Until we organize to stop this war drive that is solely in the interest of Big Business these actions will insure fresh dead for future Memorial Days. Wishing or praying for peace will not make it so–we will have to fight for it.
No More Free Rides
I used to think I was a model credit card customer. Every due date I pay my balance off in full. Last check of my FICO score had me at 831. The card company collects a fee from the merchants I do business with–mainly Brookside Market and various filling stations–but occasional online shopping, airline and hotel bills as well. But it appears my days as a credit card holder are numbered. An AP story shows what Chase really thinks of me,
“The free ride is likely to end for many who use their credit cards as a convenience and pay off their balances in full every month. Squeezed by the economy and further by this [new credit card ‘reform’] law, banks will now target people who have avoided paying an interest charge or an annual fee.... Expect to pay at least $50 to $100 a year.”
But even that may not be sufficient retribution against us “free riders,”
“Trying to make up for lost revenue, banks are considering charging interest from the date of a purchase instead of allowing a grace period, now typically 20 to 25 days.”
I expect to pay neither an annual fee nor instant interest. If this fee gouging comes as predicted I will take scissors to plastic. I survived thirty some years before bank credit cards became widely available and I can spend my golden years without one as well.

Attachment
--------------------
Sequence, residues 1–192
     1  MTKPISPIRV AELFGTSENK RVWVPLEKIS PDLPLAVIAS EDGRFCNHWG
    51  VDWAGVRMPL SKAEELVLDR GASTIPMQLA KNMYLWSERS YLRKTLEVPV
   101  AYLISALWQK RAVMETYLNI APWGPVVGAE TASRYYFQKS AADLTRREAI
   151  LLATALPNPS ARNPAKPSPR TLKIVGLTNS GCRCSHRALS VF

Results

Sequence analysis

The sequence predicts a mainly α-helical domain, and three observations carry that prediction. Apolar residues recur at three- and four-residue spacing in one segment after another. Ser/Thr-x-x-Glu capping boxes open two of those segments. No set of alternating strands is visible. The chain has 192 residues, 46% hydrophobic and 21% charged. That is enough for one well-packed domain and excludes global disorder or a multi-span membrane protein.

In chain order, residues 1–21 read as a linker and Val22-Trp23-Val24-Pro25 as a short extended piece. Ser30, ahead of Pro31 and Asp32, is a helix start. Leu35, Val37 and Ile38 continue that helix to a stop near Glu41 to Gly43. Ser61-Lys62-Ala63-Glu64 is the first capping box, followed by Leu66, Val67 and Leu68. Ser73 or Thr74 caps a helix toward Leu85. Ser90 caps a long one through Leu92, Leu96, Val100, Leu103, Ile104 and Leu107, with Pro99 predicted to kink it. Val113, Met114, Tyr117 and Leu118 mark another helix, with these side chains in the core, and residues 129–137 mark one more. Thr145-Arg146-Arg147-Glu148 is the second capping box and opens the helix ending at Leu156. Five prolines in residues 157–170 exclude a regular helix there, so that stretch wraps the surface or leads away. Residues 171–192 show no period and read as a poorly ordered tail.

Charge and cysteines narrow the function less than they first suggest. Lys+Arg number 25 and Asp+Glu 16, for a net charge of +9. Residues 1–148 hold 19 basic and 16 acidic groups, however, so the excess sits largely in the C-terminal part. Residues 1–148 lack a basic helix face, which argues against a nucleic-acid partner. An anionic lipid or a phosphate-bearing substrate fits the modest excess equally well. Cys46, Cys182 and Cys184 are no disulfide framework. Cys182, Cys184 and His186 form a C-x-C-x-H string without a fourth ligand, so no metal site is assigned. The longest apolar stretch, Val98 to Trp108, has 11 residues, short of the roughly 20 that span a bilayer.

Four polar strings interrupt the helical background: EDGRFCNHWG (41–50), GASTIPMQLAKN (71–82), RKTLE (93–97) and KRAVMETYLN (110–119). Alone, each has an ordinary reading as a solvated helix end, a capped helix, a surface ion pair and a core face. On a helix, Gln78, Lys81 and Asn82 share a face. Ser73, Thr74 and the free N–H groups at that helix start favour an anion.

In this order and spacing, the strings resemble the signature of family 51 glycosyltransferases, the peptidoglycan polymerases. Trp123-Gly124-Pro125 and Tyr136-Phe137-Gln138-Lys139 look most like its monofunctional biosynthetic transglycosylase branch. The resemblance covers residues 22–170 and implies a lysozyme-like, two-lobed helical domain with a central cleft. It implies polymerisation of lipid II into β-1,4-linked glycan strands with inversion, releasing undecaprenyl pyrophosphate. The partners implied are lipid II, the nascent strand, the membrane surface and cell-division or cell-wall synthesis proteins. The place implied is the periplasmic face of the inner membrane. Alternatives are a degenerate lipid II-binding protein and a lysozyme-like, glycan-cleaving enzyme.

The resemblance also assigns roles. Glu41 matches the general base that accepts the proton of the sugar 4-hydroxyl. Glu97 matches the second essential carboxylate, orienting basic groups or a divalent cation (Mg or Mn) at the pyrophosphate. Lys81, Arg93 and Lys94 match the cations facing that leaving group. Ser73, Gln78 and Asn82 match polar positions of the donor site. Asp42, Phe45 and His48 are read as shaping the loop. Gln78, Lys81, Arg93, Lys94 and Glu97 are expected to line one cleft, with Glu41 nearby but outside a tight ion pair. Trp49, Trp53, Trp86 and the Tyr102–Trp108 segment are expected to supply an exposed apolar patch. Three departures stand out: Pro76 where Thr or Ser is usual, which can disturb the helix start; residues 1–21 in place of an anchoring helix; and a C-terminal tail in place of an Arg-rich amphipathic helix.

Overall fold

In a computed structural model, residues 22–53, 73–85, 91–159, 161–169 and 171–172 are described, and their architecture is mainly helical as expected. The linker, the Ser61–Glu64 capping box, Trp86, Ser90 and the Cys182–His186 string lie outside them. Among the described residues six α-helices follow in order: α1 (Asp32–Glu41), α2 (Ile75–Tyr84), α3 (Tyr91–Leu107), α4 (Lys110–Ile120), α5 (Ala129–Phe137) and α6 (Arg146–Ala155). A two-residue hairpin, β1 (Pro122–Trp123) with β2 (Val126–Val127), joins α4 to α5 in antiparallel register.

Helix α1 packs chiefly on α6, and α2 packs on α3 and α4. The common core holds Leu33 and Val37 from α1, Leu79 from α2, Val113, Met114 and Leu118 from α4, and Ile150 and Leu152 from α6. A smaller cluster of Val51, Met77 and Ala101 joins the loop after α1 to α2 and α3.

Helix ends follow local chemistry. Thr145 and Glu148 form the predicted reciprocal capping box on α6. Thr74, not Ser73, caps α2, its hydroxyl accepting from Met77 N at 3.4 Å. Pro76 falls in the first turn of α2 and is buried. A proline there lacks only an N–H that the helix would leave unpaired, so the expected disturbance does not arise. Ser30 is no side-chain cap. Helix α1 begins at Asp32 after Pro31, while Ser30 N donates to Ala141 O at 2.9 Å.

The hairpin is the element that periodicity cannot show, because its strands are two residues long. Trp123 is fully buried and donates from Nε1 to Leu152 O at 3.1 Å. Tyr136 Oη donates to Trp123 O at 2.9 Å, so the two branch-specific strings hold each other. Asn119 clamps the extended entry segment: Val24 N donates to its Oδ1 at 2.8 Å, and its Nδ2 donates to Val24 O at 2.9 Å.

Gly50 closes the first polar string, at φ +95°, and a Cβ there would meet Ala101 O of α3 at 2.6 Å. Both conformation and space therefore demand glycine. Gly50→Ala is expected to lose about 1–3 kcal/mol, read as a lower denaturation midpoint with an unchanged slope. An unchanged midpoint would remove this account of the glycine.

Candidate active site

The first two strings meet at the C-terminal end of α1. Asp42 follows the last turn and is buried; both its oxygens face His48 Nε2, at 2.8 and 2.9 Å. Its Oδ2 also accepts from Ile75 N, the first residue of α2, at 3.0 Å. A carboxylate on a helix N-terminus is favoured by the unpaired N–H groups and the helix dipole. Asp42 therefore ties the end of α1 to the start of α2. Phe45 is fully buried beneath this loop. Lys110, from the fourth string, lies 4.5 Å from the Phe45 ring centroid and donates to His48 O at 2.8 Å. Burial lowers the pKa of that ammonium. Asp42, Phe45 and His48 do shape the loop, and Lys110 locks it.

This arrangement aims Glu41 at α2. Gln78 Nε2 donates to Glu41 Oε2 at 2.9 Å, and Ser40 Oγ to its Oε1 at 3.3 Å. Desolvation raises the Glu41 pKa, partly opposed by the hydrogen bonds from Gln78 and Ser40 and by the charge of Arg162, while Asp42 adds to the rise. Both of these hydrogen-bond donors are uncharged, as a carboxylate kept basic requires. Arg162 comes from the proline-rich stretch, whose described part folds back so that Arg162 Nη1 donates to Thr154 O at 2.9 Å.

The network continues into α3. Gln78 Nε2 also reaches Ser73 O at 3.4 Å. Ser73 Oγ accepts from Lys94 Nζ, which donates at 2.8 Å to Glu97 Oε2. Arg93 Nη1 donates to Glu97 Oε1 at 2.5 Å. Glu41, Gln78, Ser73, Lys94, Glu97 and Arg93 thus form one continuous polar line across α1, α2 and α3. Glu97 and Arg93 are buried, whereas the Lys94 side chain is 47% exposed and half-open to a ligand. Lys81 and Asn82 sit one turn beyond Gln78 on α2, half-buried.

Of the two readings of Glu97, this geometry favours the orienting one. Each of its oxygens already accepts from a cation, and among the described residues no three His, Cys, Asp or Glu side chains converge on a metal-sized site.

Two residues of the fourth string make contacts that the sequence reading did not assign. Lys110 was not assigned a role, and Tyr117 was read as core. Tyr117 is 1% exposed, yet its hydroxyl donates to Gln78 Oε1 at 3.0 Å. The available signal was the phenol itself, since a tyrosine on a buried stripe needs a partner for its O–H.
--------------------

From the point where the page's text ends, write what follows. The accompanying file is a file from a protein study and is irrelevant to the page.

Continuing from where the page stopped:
But most working class Americans are not in a position to rip up rip-off cards. Too often those cards are their last shaky line of defense against poverty. They will have to accept whatever the banks--bailed out with our tax dollars--decide to impose.
The “reforms” in the new law don’t amount to a hill of bubkus and don’t take effect until next year. (One part of the bill kicks in immediately, however–you can now feel free to carry concealed firearms in our national parks and wild life refuges.) The banks have plenty of time to adjust and plenty of excuses for taking immediate action on new fees, raising interest rates, etc.
As if we needed any, here’s another example of why we should really nationalize the banks and other financial institutions and run them in the public interest.
A Glimpse At Our Side